Tuesday, May 31, 2011
The Best We Can
"We do the best we can. That's all there is." I've been getting through year-end projects and tests with a little help from Netflix. Working the rubrics and numbers while mostly listening (as opposed to watching) to Raising the Bar, a short-lived series about a group of friends who work either in the public defender's office or the D.A.'s office in New York City. I remember watching one or two episodes when it aired on TNT originally (2008), but I never got into the swing of it, mostly because I was too busy trying to juggle both administrative and teaching responsibilities. That's no life. I see that now in retrospect...
Anyway, the show got me through what can otherwise be very tedious work, entering numbers, checking them two and three times to make sure it all adds up (even though I use an electronic gradebook). Tonight's line that hit the mark sits at the top of this piece: We do the best we can. That's all there is. What hits home about this is the reality of working with people. You do the best you can. Sometimes that doesn't feel like enough, but if it's your best, it's all you can do. And if you're going to have any peace of mind, you have to find a way to live with that without beating yourself up about it.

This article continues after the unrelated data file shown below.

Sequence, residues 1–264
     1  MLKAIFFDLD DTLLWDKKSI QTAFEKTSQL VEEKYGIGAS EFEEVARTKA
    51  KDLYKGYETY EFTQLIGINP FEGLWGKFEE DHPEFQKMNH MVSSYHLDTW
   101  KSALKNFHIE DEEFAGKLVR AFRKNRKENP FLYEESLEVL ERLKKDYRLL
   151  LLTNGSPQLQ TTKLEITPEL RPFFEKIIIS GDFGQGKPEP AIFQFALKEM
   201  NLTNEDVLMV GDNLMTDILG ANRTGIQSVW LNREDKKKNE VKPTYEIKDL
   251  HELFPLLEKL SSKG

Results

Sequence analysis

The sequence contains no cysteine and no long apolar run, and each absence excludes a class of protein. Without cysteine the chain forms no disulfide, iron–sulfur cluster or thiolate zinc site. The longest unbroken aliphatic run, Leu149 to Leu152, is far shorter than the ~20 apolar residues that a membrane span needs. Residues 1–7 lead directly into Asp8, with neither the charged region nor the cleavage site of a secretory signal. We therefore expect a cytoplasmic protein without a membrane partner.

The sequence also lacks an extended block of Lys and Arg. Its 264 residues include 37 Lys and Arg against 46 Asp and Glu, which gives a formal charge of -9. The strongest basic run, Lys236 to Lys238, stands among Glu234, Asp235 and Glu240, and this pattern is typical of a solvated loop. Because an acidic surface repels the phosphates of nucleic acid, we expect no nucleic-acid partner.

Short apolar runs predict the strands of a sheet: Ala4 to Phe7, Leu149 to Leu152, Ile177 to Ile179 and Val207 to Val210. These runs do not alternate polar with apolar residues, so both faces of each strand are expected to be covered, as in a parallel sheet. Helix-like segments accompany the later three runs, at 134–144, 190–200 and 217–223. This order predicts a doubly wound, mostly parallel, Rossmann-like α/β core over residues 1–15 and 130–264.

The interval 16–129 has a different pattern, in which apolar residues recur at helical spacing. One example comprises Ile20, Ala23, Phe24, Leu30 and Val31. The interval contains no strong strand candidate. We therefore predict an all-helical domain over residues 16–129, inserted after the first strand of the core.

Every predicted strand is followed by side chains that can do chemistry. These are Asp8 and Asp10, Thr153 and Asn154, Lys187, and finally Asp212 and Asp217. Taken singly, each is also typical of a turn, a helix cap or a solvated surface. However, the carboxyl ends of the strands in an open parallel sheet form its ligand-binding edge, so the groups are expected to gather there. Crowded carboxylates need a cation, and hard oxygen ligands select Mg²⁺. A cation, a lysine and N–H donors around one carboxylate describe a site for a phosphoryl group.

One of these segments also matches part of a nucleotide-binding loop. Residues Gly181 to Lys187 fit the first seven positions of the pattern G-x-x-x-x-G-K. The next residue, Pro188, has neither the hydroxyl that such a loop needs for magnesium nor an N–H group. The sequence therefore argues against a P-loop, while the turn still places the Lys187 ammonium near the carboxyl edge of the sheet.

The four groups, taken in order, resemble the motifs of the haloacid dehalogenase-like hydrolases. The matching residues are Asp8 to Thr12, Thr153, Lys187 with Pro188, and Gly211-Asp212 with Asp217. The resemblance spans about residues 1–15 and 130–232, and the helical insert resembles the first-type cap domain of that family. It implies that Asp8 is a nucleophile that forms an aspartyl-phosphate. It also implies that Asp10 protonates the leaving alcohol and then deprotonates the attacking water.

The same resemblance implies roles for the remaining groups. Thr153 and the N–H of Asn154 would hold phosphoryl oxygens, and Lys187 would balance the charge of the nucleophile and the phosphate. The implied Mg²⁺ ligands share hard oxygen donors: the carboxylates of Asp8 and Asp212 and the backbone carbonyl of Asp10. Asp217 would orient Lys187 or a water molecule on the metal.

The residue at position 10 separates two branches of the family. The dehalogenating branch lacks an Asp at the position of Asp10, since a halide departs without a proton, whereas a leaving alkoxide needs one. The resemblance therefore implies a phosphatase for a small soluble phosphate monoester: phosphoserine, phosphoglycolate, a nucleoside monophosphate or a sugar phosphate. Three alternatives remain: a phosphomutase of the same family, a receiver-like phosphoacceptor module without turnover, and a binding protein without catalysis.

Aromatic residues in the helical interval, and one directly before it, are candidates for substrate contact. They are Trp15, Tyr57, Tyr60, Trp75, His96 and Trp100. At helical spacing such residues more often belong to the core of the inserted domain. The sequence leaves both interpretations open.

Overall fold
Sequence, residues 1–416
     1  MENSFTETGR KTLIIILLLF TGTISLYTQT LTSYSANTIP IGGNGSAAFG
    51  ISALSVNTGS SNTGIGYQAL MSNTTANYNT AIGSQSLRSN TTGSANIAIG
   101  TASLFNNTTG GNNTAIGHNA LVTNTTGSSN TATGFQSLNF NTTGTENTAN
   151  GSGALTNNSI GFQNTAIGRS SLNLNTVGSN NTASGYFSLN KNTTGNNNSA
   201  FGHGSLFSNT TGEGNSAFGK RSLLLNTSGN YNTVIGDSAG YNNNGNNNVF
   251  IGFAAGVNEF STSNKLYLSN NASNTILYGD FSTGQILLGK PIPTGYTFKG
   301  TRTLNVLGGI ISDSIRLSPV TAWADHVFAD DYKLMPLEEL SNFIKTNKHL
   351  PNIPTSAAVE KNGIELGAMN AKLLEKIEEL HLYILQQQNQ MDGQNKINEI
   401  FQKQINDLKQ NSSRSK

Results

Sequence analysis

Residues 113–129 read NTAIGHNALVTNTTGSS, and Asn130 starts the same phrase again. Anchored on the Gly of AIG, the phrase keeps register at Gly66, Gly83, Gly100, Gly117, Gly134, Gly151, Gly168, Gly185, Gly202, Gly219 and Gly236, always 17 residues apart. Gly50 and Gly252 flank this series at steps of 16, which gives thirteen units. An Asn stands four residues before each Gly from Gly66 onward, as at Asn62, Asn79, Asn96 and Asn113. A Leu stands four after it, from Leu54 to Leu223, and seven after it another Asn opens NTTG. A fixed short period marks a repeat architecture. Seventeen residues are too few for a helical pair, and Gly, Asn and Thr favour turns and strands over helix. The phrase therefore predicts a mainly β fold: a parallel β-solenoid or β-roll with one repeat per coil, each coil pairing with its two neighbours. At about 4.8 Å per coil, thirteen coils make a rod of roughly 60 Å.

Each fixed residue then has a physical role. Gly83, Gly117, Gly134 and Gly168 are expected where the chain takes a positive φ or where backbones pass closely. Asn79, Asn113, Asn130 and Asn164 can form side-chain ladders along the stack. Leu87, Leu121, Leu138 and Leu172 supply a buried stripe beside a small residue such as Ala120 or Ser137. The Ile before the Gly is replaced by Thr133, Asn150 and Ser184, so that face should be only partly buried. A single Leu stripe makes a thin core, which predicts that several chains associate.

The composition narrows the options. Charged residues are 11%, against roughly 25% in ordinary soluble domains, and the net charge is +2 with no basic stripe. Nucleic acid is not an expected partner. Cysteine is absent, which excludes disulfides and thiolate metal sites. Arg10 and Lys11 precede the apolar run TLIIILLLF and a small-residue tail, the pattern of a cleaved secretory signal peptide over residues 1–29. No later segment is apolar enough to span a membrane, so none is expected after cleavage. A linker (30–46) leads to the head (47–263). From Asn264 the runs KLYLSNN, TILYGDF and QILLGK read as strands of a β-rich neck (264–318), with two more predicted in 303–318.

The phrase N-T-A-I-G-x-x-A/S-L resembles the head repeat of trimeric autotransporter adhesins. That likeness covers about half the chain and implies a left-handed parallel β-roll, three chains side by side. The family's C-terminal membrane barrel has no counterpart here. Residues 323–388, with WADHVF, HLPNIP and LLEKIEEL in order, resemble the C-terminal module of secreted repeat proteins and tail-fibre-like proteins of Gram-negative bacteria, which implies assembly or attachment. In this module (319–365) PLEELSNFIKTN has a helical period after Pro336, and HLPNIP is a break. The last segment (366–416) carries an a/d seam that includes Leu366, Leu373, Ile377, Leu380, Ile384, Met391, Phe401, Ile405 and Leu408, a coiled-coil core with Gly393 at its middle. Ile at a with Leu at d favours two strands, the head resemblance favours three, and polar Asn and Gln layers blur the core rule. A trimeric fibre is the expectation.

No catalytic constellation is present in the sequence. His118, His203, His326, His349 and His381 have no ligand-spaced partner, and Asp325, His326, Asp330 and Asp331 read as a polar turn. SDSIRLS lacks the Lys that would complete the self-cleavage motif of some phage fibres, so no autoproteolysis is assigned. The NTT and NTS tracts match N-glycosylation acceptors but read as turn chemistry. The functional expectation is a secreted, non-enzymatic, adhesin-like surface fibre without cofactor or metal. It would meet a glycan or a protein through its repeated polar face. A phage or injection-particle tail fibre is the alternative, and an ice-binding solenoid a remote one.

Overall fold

The lawyers in this show struggle with that. They struggle with doing the right thing for justice' sake or mercy's sake. They struggle to feel good about themselves when they aren't always sure they're doing the right thing. They follow the law, they do their best. But is it right? That happens in teaching, too. You have young people's lives, their futures, in your hands. You do your best. But what if that's not enough? You weigh justice and mercy. You make a choice. You gamble on the future. Their future. Sometimes it pays off. Sometimes you pay. Or worse, they do.
If you do the best you can, that has to be enough. That is all there is. Right?